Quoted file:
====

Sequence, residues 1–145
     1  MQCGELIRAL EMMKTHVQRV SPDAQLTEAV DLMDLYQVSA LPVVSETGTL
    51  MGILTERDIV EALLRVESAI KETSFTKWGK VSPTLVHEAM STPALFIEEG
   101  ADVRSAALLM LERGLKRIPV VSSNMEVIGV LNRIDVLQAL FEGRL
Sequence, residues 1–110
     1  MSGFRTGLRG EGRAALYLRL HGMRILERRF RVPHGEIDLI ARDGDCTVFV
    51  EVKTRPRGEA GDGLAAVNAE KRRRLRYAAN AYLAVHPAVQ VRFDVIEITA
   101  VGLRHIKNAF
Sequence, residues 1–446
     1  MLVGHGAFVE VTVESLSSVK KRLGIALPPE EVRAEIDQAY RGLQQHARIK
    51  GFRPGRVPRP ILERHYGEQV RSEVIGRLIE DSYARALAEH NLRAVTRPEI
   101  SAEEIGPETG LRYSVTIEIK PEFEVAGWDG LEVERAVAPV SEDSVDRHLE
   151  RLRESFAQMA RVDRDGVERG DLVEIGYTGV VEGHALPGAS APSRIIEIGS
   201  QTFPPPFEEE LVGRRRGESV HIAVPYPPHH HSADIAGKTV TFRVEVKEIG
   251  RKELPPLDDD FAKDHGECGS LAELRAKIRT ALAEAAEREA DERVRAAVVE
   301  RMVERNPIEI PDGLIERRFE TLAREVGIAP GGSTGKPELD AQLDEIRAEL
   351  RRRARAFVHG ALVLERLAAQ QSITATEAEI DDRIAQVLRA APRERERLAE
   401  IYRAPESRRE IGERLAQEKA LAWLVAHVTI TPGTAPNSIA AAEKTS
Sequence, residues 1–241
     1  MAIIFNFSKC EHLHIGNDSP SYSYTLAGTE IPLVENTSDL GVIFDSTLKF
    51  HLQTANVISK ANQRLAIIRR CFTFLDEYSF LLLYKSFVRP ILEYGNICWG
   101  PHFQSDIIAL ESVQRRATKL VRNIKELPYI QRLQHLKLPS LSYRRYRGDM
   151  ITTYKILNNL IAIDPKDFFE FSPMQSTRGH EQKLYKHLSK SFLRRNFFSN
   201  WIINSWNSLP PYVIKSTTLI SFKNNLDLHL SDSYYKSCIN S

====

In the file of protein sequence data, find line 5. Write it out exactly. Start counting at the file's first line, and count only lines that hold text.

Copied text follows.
Sequence, residues 1–110